HDInsight is Microsoft's managed Big Data stack in the cloud. With Azure you can provision clusters running Storm, HBase, and Hive which can process thousands of events per second, store petabytes of data, and give you a SQL-like interface to query it all. In this course, we'll build out a full solution using the stack and take a deep dive into each of the technologies.
Storm is a distributed compute platform which you can plug into Azure Event Hubs and use to power event stream processing. You can scale Storm to read tens of thousands of events per second and build a reliable workflow so that every event is guaranteed to be processed. HBase is a No-SQL database which is easy to get started with and can store tables with billions of rows and millions of columns. It's for real-time data access and it has a REST interface so you can read and write HBase data from a .NET Storm app. Hive is a data warehouse that provides a SQL-like interface over Big Data - HBase tables, and other sources. With Hive you can join across multiple sources and run queries from PowerShell and .NET. In this course, we use all three technologies running on Microsoft Azure to build a race timing solution and dive into performance tuning, reliability, and administration.
HBase Deep Dive Hey, how are you doing? I'm Elton and this is HBase Deep Dive, the next module in HDInsight Deep Dive Storm, HBase and Hive. In the previous module we saw how to logically use HBase, how to structure your tables, and how to access data using different clients. In this module we're going to look a lot more closely at the physical workings of HBase. The aim is to give you an understanding of how HBase works under the hood so you can make the right decisions when you design and implement your HBase tables. And we'll also look at performance and administration so you feel comfortable running an HBase cluster on HDInsight, knowing you can diagnose any problems that you have and can scale your cluster to suit your needs. HBase is an open source project from Apache. It uses core functionality from Hadoop, but it's a complex project. The code base runs over 4 million lines of code. We won't learn enough here to make you a core committer to HBase, but we will learn enough to make you confident about running HBase for a production solution. Let's start by looking at what the different nodes of the HBase cluster actually do.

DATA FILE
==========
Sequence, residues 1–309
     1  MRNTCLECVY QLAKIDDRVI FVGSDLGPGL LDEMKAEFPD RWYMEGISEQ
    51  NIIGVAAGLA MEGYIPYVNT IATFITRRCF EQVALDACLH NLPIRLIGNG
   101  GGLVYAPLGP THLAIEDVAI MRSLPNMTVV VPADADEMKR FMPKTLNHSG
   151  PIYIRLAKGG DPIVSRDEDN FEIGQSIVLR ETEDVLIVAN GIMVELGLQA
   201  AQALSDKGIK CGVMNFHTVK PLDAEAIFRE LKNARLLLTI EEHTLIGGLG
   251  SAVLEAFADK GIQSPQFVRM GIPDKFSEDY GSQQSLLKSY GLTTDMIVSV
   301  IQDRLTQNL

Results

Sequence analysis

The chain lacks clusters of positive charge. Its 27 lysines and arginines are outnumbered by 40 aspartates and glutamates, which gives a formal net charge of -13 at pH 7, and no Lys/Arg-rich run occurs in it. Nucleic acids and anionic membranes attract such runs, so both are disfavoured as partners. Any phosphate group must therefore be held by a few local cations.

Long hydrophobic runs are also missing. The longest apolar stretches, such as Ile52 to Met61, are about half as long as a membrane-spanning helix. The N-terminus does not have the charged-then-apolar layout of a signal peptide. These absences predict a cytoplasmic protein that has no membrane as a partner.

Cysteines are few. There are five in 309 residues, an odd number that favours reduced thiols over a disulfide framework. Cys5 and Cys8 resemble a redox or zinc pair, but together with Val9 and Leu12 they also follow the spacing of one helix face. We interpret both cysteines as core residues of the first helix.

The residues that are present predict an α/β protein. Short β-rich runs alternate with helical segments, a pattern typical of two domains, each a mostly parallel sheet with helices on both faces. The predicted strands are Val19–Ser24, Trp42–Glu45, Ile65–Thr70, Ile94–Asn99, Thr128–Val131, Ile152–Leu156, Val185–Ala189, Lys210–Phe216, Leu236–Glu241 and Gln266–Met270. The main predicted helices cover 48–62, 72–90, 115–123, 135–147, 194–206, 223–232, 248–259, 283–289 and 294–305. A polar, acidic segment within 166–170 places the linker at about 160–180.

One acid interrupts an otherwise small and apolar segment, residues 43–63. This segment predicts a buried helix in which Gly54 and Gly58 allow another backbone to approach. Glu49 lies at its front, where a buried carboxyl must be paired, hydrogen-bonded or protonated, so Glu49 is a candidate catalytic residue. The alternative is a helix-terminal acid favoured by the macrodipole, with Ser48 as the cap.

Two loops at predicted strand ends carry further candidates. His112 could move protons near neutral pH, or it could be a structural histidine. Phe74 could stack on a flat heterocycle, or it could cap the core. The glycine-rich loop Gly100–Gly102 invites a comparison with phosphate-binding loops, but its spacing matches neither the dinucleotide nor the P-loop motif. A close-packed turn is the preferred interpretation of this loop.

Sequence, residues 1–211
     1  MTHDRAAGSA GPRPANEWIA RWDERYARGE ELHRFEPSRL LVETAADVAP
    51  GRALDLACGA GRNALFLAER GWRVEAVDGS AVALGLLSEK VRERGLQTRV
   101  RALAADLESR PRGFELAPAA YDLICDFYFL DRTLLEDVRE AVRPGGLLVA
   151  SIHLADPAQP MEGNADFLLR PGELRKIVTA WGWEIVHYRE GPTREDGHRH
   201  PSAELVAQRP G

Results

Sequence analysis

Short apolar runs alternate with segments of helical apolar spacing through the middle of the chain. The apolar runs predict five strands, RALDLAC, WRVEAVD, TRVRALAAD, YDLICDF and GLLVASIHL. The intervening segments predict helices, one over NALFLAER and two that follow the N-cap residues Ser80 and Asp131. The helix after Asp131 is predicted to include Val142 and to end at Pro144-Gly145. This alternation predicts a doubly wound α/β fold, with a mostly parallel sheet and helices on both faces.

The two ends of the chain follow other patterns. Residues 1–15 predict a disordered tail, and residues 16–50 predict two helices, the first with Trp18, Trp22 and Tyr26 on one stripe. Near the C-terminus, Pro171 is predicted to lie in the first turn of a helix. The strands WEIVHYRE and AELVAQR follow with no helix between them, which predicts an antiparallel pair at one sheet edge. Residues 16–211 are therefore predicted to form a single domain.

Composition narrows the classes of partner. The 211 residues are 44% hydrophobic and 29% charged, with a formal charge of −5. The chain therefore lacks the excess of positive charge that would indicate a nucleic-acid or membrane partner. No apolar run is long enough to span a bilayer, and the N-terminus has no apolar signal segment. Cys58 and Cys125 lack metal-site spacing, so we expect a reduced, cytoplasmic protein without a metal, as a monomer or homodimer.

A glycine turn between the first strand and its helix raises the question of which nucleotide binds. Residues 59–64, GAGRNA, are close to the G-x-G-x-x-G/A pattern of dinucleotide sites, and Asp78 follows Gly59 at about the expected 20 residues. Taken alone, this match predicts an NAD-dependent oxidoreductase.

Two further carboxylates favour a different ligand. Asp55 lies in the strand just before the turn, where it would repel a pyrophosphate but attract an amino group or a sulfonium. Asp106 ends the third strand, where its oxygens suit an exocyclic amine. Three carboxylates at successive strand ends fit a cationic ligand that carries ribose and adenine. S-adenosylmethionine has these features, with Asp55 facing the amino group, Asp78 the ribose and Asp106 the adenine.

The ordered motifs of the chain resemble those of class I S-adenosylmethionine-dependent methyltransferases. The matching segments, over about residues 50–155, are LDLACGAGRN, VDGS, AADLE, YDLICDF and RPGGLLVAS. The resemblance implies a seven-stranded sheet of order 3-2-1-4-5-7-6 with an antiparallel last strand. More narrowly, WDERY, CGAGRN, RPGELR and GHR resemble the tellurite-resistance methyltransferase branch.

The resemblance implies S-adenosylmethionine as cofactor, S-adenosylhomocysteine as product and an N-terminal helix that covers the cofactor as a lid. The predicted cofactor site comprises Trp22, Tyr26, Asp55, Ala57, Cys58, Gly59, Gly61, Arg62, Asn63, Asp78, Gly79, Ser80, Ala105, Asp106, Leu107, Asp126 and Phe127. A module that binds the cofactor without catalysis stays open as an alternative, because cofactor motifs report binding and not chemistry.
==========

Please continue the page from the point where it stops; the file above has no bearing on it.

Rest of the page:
Querying Race Data with Hive Hey, how are you doing? I'm Elton and this is Querying Race Data with Hive, the next module in HDInsight Deep Dive, Storm, HBase, and Hive. In this module we're going to finish the functional part of our race timing solution, building queries to get meaningful race results from the HBase data. We'll do that using Apache Hive which is a data warehousing component that can sit on top of multiple data sources and we'll see how adding Hive on top of HBase, makes your big data easy to query from any angle. We'll look at how to make the semi-structured data in HBase into a more rigid structure for querying and we'll use the Hive query language HiveQL to get rich results from our raw data. You can query data from difference sources in Hive and to build our complete results output for a race, we'll join the race result data in HBase with CSV files containing individual racer details and get a joined-up result at the end. Hive isn't just for reading data and to complete our solution, we'll write the full result set for a race to a file stored in a public container in Azure Storage. That file will be in a blob which lives outside of HBase so it will be accessible even without an HBase cluster running. Let's start with a closer look at the Hive queries I ran in the last module as part of the Storm performance tests.
Hive Deep Dive Hey, how are you doing? I'm Elton and this is Hive Deep Dive, the final module in HDInsight Deep Dive, Storm, HBase, and Hive. In this module we're going to look more closely at what happens when you submit a Hive query, how it actually gets processed and how you can monitor long-running jobs through another web UI. I've filled my HBase tables with a lot more data and we'll see if that has a big impact on the performance of the race results calculation. We'll look at Hive query plans to see where the time gets spent and we'll look at alternative approaches so we can run the same calculation more quickly. We'll submit Hive queries using PowerShell, which lets us break the calculation up into more efficient steps and we'll look at encapsulating the whole calculation logic in a. NET application, connecting directly to Hive, using an ODBC provider. We'll also look at tidying up our queries, centralizing some of that ugly logic with a custom user-defined function, which we can write in. NET and use in Hive queries. We'll see how to add secondary Azure storage accounts to the cluster so that we can keep our HBase storage container private and generate results data in a public container from Hive and we'll finish off our cluster provisioning script by automating the Hive data definitions, so when the startup script has run, the whole cluster is ready to go. Lastly, we'll recap what we've built using HDInsight with our race timing solution that uses big data technologies to provide a lot of high performance compute from very little custom code. Let's start by looking at how Hive actually processes a query when you submit it.